Five years ago, one of his former students—Dr. David Sinclair of the Harvard Medical School—reported his finding that resveratrol activate sirtuins strongly.
Dr. Sinclair and others then tested resveratrol in obese mice, at doses far higher than those obtainable from drinking red wine or taking reasonable numbers of standard, 15 mg resveratrol capsules.
Less than a month later, a French team reported that when they fed high-dose resveratrol to fat, sedentary mice, the red grape compound transformed the rodents into eager treadmill runners and doubled their previous endurance.
And last week, a team at the University of Wisconsin reported that resveratrol may be effective in mice and people in much lower doses than previously thought necessary.
They showed that in mice, very low doses of resveratrol trigger the same pattern of gene activity triggered by life-extending, calorie-restricted diets
The effect of the low doses was not tested by observing the behavior and bodily changes living mice. Instead, the Wisconsin team fed mice one of three diets from middle age (14 months) to old age (30 months):
- Regular (control) mouse diet
- Regular (control) mouse diet plus a low dose of resveratrol (4.9 mg per kg body weight)
- Calorie restricted (CR) diet
They then examined changes in genetic switches called transcription factors in cells throughout the animals’ bodies.
Lead author Jamie Barger put their findings this way: “Our findings that a low dose of resveratrol partially mimics calorie restriction at the gene expression level… suggests that clinical trials with resveratrol should be conducted...”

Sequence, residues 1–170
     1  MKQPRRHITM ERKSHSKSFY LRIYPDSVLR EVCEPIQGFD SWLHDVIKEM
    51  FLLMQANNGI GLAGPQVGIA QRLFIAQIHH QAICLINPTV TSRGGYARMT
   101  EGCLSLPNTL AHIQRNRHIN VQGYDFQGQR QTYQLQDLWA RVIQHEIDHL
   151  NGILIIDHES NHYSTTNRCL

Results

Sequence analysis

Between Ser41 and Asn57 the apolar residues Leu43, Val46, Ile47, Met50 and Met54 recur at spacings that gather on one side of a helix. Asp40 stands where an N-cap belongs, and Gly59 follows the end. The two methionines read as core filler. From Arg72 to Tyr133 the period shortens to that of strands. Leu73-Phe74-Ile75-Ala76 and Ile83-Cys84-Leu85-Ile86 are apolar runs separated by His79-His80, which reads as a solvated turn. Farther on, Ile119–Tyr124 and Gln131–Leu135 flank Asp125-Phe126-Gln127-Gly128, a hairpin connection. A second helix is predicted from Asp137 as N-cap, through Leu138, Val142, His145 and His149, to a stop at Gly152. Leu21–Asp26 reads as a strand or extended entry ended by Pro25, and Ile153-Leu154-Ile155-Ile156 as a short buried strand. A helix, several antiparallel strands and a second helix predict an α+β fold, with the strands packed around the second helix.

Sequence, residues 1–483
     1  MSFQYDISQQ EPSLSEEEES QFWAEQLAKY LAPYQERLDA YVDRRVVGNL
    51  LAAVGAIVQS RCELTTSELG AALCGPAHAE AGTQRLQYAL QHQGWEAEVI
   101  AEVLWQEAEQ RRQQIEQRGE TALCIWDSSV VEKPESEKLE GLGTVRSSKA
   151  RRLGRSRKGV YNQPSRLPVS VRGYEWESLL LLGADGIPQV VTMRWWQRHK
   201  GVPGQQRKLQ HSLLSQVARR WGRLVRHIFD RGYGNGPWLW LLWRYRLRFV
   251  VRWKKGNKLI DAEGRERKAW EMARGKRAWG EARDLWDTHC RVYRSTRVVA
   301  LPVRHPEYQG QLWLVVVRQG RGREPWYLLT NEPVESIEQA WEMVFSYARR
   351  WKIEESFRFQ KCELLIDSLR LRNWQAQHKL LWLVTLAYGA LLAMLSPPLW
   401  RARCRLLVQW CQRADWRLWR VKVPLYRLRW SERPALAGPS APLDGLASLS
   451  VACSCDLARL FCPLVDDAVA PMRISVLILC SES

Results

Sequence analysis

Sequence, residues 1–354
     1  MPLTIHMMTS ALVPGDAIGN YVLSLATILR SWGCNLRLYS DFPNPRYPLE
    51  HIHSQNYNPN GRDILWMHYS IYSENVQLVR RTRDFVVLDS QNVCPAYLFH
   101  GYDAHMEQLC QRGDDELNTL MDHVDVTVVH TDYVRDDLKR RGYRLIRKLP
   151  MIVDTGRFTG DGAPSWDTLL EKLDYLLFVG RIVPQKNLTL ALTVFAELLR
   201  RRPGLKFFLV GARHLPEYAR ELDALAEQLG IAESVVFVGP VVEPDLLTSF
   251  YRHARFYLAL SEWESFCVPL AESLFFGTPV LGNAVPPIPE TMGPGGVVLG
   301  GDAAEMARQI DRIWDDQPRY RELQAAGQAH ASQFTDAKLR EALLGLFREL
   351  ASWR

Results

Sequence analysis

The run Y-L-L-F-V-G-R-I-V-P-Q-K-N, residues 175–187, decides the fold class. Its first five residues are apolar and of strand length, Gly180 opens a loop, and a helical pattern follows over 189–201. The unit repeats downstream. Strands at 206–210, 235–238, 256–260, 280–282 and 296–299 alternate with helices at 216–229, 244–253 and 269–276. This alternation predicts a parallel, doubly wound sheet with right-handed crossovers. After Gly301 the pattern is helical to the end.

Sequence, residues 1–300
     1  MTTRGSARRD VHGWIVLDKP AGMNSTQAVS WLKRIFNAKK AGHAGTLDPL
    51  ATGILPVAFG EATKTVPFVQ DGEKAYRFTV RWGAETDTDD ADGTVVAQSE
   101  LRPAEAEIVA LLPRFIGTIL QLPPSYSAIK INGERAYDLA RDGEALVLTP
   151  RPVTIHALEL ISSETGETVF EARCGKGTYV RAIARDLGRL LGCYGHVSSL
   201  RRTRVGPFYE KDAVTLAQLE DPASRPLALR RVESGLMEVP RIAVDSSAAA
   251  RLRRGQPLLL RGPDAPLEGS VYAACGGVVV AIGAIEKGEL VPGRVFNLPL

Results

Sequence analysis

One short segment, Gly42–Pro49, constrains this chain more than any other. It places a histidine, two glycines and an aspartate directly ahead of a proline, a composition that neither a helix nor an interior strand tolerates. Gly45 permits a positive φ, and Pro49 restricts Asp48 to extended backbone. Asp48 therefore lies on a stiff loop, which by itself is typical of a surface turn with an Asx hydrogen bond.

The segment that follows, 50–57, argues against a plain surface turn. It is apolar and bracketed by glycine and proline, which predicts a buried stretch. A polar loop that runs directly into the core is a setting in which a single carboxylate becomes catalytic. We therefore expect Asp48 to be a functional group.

They found a “striking” overlap between the genetic effects of calorie-restricted diets (CR) and resveratrol in the animals’ heart muscle, skeletal muscle, and brains.
And the mice in both the CR diet group and resveratrol group showed the same genetic changes, which are associated with these benefits:
- Reduced aging in cardiac and skeletal muscle
- Slowing of age-related declines in heart function
- Enhanced glucose uptake in muscles
As they wrote, “Resveratrol, at doses that can be readily achieved in humans, fulfills the definition of a dietary compound that mimics some aspects of CR.”
Some skepticism is in order because we can’t be sure that humans would experience similar kinds and degrees of benefit at any dose of resveratrol.
And it is virtually impossible to subject resveratrol to a controlled clinical test, because very few people would be willing to cut their calorie intake to the bone for a decade or more.
Monkey trial may provide answers relevant to humans
Monkeys’ genetics are much closer to people than those of mice. And the outcome of two calorie-restriction studies in monkeys will provide highly relevant results.
The monkeys involved live for up to 40 years, so the trials will take a long time to show definite results.
One of the two trials—which is being conducted by the same Wisconsin team—is beginning to show clear evidence that the calorie-restricted monkeys outlive their control companions.
The results of the other trial, conducted at the National Institutes of Health, remain unclear.
If the outcomes of both studies show that calorie-restricted diets extend monkeys’ lives and enhance their overall health, this would lend greater credibility to the latest mouse results.
Presumably, researchers could mimic the design of the new mouse study in monkeys, to see if primates undergo similar health-enhancing, life-extending genetic changes in response to relatively low doses of resveratrol.
- Barger JL, Kayo T, Vann JM, Arias EB, Wang J, et al. (2008) A Low Dose of Dietary Resveratrol Partially Mimics Caloric Restriction and Retards Aging Parameters in Mice. PLoS ONE 3(6): e2264. doi:10.1371/journal.pone.0002264